Who Should Control the Use of Human Embryonic Stem Cell Lines: A Defence of the Donors' Ability to Control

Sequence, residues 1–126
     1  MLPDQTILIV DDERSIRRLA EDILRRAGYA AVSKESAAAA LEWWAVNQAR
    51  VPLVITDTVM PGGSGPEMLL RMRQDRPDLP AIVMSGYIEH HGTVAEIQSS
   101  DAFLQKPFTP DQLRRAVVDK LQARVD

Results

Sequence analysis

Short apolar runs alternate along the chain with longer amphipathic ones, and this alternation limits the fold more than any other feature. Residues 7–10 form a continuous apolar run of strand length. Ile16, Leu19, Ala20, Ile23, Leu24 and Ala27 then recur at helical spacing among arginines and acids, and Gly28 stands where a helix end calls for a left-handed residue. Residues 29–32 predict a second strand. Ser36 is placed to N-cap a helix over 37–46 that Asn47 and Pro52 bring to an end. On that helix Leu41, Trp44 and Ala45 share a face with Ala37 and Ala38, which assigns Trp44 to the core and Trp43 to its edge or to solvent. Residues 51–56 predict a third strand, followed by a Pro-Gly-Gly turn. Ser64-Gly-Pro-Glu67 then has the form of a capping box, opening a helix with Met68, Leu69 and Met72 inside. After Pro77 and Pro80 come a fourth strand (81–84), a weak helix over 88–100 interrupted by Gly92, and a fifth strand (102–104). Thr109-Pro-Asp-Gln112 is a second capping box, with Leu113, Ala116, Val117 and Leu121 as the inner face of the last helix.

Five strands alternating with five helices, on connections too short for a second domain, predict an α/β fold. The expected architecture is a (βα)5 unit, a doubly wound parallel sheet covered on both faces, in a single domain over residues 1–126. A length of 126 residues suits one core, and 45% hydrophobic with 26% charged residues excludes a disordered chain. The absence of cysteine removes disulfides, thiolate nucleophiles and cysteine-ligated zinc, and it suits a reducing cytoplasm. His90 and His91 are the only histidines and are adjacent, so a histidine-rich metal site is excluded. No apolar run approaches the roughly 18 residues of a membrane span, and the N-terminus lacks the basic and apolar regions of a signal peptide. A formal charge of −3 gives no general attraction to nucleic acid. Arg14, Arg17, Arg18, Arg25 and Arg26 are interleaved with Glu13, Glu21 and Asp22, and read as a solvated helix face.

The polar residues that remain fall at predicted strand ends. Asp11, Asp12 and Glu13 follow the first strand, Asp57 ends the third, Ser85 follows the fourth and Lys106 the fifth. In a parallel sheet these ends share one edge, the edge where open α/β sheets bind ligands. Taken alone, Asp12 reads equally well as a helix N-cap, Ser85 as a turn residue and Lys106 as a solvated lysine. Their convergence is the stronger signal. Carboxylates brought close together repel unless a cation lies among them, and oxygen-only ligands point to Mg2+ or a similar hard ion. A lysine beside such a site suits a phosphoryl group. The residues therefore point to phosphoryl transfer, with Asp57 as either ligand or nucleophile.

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In this paper I analyse who should be able to control the use of human embryonic stem cell lines. I distinguish between different kinds of control and analyse a set of arguments that purport to show that the donors of gametes and embryos should not be able to control the use of stem cell lines derived from their embryos. I show these arguments to be either deficient or of so general a scope that they apply not only to donors but also to those who derived the stem cell lines. Since we normally think that stem cell derivers have the right to control the use of the cell lines they derived, we have no justification for denying donors similar rights of control. In the final section I briefly discuss why informed consent is not an appropriate vehicle for transferring or alienating control rights.

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